Christine Zulehner - Titular Professor of the Innovation & Regulation in Digital Services Chair - Professeure Titulaire de la Chaire Innovation & Régulation des Services Numériques.
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For end users of communication and information technologies, interoperability, (in fact, non-Interoperability, as far as interoperability, when it works, is “invisible”), is generally considered as a technical obstacle for using a product or a service. More than ever, this obstacle is negatively felt in the world of the Internet, where interoperability is assumed to be completed, allowing all types of exchanges, for any content, of any kind.

But interoperability is a multifaceted question: technical, of course, (this one is not always the most difficult to solve), but also economic, legal, regulatory and policymaking. Each dimension face specific internal tensions. These may be: protection of intellectual property and promotion of competition, innovation on the upstream markets and fragmentation on the downstream markets, opening and effectiveness/control/safety, flexibility and certainty, originality and standardization.

ITU proposes a definition of the interoperability: “the capacity of two systems or applications, or more, to exchange information and to use mutually exchanged information” (Rec. Y101 of the ITU-T). Yet, one cannot set a unique widely accepted definition or at least overall optimal ?state of interoperability?. As a consequence, each economic player considers the interoperability from its own point of view.

For instance, the definition of ITU is mainly related to the development and the adoption of the standards: the general principle is that if the products and services are complying with the standards, interoperability is guaranteed. Although there remain standards incomplete or subjected to interpretation which make interoperability less ?guaranteed? that expected.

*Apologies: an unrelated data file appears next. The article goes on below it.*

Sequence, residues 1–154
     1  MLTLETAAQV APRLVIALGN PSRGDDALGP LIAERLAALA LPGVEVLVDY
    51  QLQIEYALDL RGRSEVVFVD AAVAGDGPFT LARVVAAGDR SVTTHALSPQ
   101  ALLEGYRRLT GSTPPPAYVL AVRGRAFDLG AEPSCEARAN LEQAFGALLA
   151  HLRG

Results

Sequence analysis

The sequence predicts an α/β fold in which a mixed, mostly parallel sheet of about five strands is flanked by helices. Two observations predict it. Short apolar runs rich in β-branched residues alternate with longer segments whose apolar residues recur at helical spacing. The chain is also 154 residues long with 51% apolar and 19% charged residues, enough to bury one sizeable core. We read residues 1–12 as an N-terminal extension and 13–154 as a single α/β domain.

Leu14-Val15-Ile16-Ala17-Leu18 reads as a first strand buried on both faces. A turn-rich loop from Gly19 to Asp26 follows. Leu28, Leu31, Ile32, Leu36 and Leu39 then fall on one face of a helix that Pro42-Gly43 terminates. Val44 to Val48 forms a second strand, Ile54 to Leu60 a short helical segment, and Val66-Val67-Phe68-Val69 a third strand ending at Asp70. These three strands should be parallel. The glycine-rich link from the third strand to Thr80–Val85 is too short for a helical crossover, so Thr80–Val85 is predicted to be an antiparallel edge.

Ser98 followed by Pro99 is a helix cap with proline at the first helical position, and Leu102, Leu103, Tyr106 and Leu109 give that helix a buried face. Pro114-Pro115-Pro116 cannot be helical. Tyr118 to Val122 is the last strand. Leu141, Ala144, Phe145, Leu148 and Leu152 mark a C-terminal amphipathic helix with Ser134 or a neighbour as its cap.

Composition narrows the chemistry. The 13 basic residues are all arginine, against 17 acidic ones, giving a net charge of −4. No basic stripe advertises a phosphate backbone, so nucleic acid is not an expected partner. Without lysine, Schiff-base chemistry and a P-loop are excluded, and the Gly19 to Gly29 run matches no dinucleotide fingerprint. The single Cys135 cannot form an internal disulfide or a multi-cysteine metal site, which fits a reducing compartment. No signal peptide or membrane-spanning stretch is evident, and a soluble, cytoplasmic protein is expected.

More generally, alternative important questions have also to be risen as regards interoperability : what are the various kinds of interoperability and in which extent do they support innovation, promote competition, develop the markets and finally satisfy the consumer.

There is no simple answer to these questions. The general consensus is that interworking is good for innovation, but the impact on the radical innovations is less clear and the incentives to innovate find sometimes their source, precisely, in the lack of interoperability. The theory of competition assumes that interoperability leads to an increased competition (and consequently to more innovation) by reduction of ?lock-in? effects and entry barriers, but does not prevent, actually, certain anti-competitive behaviors by the means of proprietary standards or de facto standards.

Even if most of the analyses conclude that the advantages of interoperability largely exceed its disadvantages, interoperability is not an end, but remains a means to boost markets development keep the consumer satisfied. Moreover, in the digital economy, the consumer intervenes more and more in the mechanisms of innovation and interoperability must also allow innovation by the users.

The Microsoft case and the decision of the European Court of Justice, in 2007 condemning Microsoft for abuse of its dominant position, illustrate all these debates. Microsoft considered that to offer the interoperability at the level required by the competition authority imply to reveal information protected by intellectual property rights and consequently subjected to business secret. For Microsoft, the application of its intellectual property laws could not be regarded, in any way, as an abuse of dominant position (despite the 90 to 95% of market share on the market considered by the European commission). At the end, Microsoft considered that interoperability was what the customer wants/needs and argues that, today, Windows 7 and Linux can operate in parallel on the same machine. Beyond the Microsoft case, the decision of the Court clarified the conditions under which a company in dominant position could act as regards interoperability (at least in Europe, the situation remaining different in the United States) which can be summarized by the level of information which must be delivered by a dominant company allowing a competitor or a partner to propose to the consumer a reasonable alternative.

It remains to find the best ways to reach the right level of interoperability. The range is large, from a top-down approach making interoperability mandatory, to the bottom-up open approach making interoperability emerging from the game between all the players.



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